NEW DELHI, Feb 6 � Asserting that there were three asymmetries at work concerning the region, noted author Ramchandra Guha on Friday advocated bigger representations of the North East in the Rajya Sabha.
Prof Guha was in conversation with Prof Udayon Mishra and Prof Sanjoy Hazarika at the concluding session of the international conference on �Reimaging India�s North East: Networks, Narratives and Negotiations� organised by the Centre for North East Studies and Policy Research at Jamia Millia Islamia University here today.
The deliberation, titled �A Thousand Years in a Lifetime�, dwelt on long-drawn conflicts within the region, crisis of identity, the attitude of New Delhi towards resolving the conflicts and the failure to understand the North East.
�There are three asymmetries at work � political, cultural and resources,� opined Prof Guha. He held that because of smaller representations in Parliament not much weight is being given to the region.
�Smaller States should have larger representation in the Upper House of Parliament. Should we move towards a system, where smaller States have equal representation in the Upper House of the Parliament, which is the case in America, where smaller States are protected,� he said.
�One of the reasons of the political asymmetry is that in our election, our votes don�t count, where each of the State have one or two representatives. It is a political symmetry,� he observed.
There is cultural asymmetry, which is a patronising attitude towards the North East, as manifested most recently. It is not just one party, it is the case with most parties, as shown by the attacks on students of the North East. This is a major issue that needs to be tackled,� he said.
Then there is resource asymmetry, where the North East has been implicitly treated as resources catchment for the rest of the country.
�Forests of Assam, tea, oil, coal and most recently hydro power. Is North East being treated as resources catchment for rest of India, needs to be considered seriously. Is the Indian growth story partly dependent on resources of the North East,� he wondered.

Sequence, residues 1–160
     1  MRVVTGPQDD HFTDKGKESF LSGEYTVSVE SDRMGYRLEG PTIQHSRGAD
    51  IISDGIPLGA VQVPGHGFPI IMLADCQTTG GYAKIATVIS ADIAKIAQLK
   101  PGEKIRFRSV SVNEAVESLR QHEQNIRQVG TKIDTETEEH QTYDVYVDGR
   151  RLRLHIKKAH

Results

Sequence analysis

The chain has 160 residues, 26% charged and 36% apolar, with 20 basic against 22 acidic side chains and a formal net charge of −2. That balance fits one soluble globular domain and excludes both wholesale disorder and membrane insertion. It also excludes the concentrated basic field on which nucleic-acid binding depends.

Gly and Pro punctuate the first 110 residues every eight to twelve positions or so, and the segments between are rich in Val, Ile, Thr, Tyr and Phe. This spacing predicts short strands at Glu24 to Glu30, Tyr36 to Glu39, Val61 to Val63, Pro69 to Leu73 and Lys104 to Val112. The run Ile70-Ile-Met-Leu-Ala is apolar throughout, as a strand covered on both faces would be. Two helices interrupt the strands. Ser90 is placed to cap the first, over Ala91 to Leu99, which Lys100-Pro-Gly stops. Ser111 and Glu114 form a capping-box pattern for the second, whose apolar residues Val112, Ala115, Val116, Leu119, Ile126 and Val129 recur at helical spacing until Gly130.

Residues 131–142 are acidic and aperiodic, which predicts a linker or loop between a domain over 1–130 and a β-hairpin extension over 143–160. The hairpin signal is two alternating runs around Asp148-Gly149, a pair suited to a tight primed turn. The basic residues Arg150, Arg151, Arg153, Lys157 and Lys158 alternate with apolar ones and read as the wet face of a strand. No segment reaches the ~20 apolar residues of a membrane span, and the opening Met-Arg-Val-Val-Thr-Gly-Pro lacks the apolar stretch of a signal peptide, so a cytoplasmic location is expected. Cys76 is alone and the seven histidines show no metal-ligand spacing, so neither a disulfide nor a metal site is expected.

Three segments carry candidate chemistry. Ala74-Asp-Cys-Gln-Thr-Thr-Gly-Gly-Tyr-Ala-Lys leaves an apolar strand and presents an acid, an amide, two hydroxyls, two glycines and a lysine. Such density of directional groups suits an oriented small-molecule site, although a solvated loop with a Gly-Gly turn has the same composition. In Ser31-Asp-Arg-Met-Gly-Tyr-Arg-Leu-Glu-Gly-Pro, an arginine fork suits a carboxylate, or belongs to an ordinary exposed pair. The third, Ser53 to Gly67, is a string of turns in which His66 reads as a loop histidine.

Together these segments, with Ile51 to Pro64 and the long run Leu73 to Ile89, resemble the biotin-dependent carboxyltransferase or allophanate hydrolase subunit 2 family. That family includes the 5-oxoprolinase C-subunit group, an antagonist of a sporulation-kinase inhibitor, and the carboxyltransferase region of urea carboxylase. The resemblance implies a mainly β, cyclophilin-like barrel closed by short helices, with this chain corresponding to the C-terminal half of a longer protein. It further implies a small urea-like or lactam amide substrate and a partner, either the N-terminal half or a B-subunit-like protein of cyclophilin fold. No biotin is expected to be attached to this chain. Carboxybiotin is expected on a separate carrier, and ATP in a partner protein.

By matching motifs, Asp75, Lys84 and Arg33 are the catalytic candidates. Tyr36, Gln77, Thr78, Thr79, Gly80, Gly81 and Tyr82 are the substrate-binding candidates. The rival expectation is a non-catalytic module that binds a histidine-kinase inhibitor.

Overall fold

Stating that there is a history of misunderstanding, mis-recognition between the North East and rest of India, based on political and cultural asymmetry, he flagged resources asymmetry, as most recent, which has the potential of escalating. He cited the example of Chhattisgarh, where Naxal movement intensified after coal mining started in the State.
But among the few Indian politicians to recognise this was Jairam Ramesh, who as the Environment and Forest Minister, after attending a conference in Guwahati on big dam and its ramification, made a statement and wrote to the Prime Minister, after which he came under attack of the media, even suggesting that he was consciously and unconsciously an agent of China, Prof Guha said.
In case of the North East, the political and cultural asymmetries, which have led to serious misunderstanding, have been intensified by resources asymmetry. Policy makers, media and intellectuals have not paid attention to this.
�Is power from Arunachal Pradesh, which will run factories in Bangalore, be made available to villages in the State,� he asked.